Monday, April 22, 2013

It's Monday! What Are You Reading?

These are memes started by Teach Mentor Texts and Book Journey, and I'm excited to participate, along with many other bloggers, in reviewing books I read the previous week. I'll be reviewing picture books through adult books.

Here are the books I read this week:

Oh wow. I wish I had someone to talk to about this book right now! It's a story of friendship and conquering fears, bullying and bravery. SPOILER ALERT: But the end was shocking, and although I usually love stories of loss and legacy, this one seemed unnecessary to me. Don't get me wrong - I really loved this book, though!  I remembered Mr. Schu had an interview with Bob Staake on his blog, so I went back to that and Mr. Staake said maybe what you think happened at the end didn't. That's why I need to process it with someone before I share it with kids! Or maybe not - they can help me process it! And does the allusion to Icarus on the school clock earlier in the book give us a clue about what happened? Is the bluebird an angel? Or did it fly too close to the "sun?" Or did what seemed to happen, happen - the bird was killed by the bullies and the other birds help the boy release the bird into heaven? Questions, questions. That's the brilliance about wordless books - much room for interpretation! I love the choice of making the pictures black, white, and gray except for blue accents and the colorful birds at the end. I also love the strong sense of setting - the markets, taxis, apartments, outdoor cafes, and even an independent bookstore!
Follow Follow: A Book of Reverso Poems

                            2013-book, fable, fairy-tale, picture-book, poetry, point-of-view
Reverso poems, which Marilyn Singer debuted in Mirror Mirror must be incredibly difficult to write! This is a companion book to Mirror Mirror and features more poems from different points of view, meant to read top to bottom, then bottom to top with just a few changes in punctuation and capitalization. Singer gives brief summaries of the fairy tales and fables, some more obscure to kids than others, in the back. In the words of my teenage daughter after I asked her to look at a couple of them, "Wow! It's like magic!"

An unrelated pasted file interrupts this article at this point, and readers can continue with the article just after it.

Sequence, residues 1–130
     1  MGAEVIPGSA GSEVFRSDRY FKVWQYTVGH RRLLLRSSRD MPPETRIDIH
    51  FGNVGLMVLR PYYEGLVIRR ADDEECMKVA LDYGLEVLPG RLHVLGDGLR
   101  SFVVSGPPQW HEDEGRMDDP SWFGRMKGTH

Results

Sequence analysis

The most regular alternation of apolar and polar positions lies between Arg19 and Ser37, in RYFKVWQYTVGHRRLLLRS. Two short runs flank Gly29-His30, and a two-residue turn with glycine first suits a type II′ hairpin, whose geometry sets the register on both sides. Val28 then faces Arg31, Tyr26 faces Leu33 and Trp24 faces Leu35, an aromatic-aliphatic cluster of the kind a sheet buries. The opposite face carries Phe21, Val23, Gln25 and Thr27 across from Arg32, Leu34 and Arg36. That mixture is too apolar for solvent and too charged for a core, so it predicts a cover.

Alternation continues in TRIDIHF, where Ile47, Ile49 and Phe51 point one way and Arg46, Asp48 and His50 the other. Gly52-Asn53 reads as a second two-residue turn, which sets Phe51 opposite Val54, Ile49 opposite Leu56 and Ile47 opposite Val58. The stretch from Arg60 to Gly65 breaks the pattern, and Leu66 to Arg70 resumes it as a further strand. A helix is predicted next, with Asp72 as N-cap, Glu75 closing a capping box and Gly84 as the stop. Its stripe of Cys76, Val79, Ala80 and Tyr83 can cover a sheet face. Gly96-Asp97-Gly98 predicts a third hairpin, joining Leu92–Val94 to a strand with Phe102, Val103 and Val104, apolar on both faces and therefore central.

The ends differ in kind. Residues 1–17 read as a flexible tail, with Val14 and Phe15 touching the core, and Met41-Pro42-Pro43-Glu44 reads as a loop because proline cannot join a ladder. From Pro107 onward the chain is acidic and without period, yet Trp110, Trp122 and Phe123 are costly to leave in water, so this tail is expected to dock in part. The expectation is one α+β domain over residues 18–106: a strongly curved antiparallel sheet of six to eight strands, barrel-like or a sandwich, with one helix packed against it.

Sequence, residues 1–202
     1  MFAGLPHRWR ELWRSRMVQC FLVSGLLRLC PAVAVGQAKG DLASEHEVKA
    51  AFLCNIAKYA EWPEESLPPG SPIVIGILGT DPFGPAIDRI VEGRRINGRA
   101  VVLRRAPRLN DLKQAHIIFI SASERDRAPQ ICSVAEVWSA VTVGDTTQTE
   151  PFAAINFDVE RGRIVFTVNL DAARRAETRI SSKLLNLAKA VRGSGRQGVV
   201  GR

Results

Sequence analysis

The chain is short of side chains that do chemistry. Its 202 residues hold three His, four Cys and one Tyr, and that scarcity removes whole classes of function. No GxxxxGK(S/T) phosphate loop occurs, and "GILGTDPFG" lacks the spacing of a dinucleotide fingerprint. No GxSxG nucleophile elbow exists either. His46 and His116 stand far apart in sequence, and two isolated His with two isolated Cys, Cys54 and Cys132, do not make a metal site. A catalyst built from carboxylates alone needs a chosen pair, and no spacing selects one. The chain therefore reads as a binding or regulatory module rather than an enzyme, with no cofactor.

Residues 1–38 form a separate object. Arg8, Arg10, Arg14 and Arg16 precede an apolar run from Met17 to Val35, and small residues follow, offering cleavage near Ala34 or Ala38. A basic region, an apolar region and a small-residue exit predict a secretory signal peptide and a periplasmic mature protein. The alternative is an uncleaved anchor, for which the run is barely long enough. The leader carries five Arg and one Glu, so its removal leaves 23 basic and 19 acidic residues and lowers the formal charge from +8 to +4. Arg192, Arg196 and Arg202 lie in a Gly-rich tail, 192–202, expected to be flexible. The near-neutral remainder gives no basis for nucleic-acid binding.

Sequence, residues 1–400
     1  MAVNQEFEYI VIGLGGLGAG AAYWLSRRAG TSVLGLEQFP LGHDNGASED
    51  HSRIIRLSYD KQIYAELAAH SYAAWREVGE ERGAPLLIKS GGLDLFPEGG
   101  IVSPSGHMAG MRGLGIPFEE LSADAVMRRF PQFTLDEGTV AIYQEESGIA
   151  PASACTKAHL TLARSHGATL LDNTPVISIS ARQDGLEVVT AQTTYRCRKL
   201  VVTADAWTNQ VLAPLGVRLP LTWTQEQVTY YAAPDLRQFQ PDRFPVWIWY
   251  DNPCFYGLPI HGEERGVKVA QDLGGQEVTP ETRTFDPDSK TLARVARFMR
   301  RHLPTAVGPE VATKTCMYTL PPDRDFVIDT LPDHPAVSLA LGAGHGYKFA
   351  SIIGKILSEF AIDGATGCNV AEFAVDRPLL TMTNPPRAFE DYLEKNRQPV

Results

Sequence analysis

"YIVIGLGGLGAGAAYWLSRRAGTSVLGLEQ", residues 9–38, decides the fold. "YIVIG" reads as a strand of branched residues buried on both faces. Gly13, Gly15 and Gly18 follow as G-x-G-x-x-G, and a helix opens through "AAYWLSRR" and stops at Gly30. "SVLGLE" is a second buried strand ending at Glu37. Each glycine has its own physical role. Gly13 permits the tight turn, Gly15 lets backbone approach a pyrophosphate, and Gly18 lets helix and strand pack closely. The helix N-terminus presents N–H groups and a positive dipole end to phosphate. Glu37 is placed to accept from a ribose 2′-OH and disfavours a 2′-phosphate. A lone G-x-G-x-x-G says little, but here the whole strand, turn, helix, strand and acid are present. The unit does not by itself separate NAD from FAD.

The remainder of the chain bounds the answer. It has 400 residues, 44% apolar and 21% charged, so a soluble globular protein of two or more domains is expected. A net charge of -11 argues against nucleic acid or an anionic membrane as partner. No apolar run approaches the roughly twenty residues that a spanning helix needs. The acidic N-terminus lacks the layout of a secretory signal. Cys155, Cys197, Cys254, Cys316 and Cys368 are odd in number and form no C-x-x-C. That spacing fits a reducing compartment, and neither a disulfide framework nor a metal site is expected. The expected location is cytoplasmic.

11 Birthdays (Willow Falls, #1)

I've had the Willow Falls books in my classroom library for a long time and just have never gotten around to reading them. This year, I've had some girls who have been clamoring for them, so I thought it was finally time I got to it! I really enjoyed this first one in the series. Amanda and her friend, Leo, were born on the same day and have shared every birthday since. Sadly, on her 10th birthday, she overheard him saying mean things about her at their party and hasn't talked to Leo for a year. Now it's her 11th birthday, and they will be having separate parties for the first time. EVERYTHING goes wrong that day, and Amanda is glad it's all over when she goes to bed that night. Mysteriously, when she wakes up the next day, she realizes it's NOT over. It's the SAME day!! This is like a kids' version of Groundhog Day. No wonder the kids like this book - the characters are realistic, but the magic is compelling. There is also a mystery about what it will take to finally make the day stop. It's no accident that a white-haired lady named Angelina keeps showing up! I'll have to read the next two now.  This series is not the only Wendy Mass books my 4th grade students love.  They've been reading every Wendy Mass book they can get their hands on.  We also had a very successful book group in the fall who read Mango-Shaped Space. Our theme topic was empathy, and they LOVED that book, so it's been circulating too!
The Painted Girls

2013-book, adult-fiction, art, audio-book, dance, historical-fiction, setting, sisters